When your toddler’s father is dying and you are doing your best to explain and include and shelter and comfort her, you nearly always feel like you are failing—like there is no way to get it right and there is never enough time or the right balance of words and truth and touch and love. It feels like everything in your life is escaping down a drain, and no matter how much you claw and cry and press your own flesh to stop the water’s flow, the level drops and drops until it is evident that soon there will be nothing left. You carry on, if you can, and keep trying, because there is absolutely nothing else you can do.
But a walk on the marsh was something I felt I could do. I took the dogs with me and the sharp winter air stung my face and lungs. On clear days the sun was blinding. It was too cold to sit or stop, so I had to keep moving and covering ground. I sometimes hoped for a soft spot in the ice, for the piercing shock of cold water seeping into my boot and stealing my breath, to remind me that I was not completely numb.
The volunteer only came a handful of times before things got bad and I all but stopped leaving the house for fear that my husband would die in my absence, but I am grateful for the time she did give me. I needed the bitter cold and some of the quiet and stillness the marsh had to offer, as the rest of my life roared around me in a firestorm of unrelenting grief. My husband died on the second day of spring.
Our daughter is tall now, just like her father, her head already nearly reaching my chest. When we go out to the marsh, she does not need my help. After our requisite visit to an abandoned blue boat hidden on the opposite shore, she often spends her hours creating a magical world all her own. The cattails become swords, she collects wild cranberries to leave in little piles for the birds, and where the ice is clear, she presses her nose and peers down as far as she can see.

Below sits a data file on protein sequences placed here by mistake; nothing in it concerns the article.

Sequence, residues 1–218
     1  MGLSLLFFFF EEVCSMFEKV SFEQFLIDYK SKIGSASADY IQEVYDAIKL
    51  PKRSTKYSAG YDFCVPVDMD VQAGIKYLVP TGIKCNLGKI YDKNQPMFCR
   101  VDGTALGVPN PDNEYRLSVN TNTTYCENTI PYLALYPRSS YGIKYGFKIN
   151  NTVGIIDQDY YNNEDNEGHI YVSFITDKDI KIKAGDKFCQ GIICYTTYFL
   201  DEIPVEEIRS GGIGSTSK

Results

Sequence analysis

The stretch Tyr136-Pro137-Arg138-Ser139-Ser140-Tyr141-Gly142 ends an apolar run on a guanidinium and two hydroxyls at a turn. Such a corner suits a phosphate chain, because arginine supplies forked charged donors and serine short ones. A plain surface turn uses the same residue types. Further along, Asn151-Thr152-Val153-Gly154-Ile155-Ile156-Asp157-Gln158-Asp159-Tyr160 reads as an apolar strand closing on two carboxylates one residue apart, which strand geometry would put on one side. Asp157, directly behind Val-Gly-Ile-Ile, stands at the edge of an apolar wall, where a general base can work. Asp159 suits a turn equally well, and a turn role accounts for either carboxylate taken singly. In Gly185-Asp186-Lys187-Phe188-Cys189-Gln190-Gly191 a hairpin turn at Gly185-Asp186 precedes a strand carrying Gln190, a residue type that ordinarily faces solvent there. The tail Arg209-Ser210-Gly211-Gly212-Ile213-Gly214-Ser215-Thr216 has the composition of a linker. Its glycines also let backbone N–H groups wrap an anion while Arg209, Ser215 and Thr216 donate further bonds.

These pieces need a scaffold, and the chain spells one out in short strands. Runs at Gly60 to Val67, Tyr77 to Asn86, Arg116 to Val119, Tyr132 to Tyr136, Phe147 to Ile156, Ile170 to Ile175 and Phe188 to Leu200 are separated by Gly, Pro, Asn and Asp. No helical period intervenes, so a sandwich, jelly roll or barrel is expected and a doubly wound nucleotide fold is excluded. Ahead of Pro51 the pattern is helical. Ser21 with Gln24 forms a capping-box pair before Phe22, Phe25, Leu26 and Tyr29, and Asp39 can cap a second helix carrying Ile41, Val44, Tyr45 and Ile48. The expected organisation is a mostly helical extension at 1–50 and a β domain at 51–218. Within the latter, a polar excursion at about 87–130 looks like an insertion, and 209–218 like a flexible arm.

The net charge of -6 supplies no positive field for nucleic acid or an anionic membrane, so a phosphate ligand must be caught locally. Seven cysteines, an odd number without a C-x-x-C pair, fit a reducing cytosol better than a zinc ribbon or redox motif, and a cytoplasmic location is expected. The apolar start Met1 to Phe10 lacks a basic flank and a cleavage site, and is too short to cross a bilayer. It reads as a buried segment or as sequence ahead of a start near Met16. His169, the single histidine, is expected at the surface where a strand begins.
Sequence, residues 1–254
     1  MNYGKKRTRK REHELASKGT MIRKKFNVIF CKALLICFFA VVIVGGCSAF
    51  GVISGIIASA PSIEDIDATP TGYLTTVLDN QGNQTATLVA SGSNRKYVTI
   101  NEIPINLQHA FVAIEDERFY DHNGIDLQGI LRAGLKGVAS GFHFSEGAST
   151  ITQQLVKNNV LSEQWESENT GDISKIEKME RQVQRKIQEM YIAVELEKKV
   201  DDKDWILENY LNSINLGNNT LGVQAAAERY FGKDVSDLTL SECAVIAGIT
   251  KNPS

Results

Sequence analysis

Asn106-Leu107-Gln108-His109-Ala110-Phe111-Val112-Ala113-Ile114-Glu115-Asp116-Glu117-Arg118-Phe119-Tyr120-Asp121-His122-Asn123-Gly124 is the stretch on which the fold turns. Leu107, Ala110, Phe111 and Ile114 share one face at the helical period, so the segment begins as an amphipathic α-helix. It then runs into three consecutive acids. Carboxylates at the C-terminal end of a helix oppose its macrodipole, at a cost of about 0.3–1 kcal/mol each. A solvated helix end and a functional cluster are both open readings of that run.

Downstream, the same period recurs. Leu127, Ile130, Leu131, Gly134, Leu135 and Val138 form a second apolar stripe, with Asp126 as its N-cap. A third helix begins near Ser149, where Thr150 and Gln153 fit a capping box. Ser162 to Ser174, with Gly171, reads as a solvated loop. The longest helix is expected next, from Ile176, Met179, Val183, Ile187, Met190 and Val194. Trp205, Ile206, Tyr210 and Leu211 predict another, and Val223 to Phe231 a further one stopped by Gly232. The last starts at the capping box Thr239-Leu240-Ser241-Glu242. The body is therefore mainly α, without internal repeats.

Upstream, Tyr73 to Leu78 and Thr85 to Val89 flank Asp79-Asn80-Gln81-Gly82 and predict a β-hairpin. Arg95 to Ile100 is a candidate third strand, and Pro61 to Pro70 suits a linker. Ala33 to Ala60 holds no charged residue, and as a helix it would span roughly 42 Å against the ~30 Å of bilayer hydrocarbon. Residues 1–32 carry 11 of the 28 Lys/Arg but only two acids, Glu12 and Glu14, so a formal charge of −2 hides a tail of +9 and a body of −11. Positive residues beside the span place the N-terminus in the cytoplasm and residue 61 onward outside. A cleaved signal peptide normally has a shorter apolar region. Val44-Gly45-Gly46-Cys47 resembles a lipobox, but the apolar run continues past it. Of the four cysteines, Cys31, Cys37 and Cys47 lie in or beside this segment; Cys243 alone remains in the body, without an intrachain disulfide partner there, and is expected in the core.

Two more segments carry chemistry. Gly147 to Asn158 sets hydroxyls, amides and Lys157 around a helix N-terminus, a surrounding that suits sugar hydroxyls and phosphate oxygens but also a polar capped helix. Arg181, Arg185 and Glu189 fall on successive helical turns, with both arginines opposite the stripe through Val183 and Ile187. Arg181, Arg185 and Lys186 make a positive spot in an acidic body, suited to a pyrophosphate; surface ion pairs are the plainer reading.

We talk about her father and how he loved the woods and the marsh, how he built trails through the mountains and down by the sea, and how he loved to teach others how to do the same. We talk about his life and his death and his love. We talk about his strength and his kindness. We talk about the things we did together as a family in those few short years: hikes, trips to the lake, adventures at the ocean’s edge, time out on the marsh, exploring.
We walk to the marsh and, hand in hand, we try to remember.
Only one of the dogs is still living now. She is getting older, but she bounds across the ice and snow like a puppy every time we set foot on that frozen world just past the forest’s edge. I am older now, too. I can feel it in my knees, hips, and chest, and sometimes I feel far too old for my years, but every mid-winter walk on the marsh quiets my heart just enough.
Sarah Kilch Gaffney is a writer, brain injury advocate, and homemade-caramel aficionado. She lives in Maine and you can find her work at www.sarahkilchgaffney.com.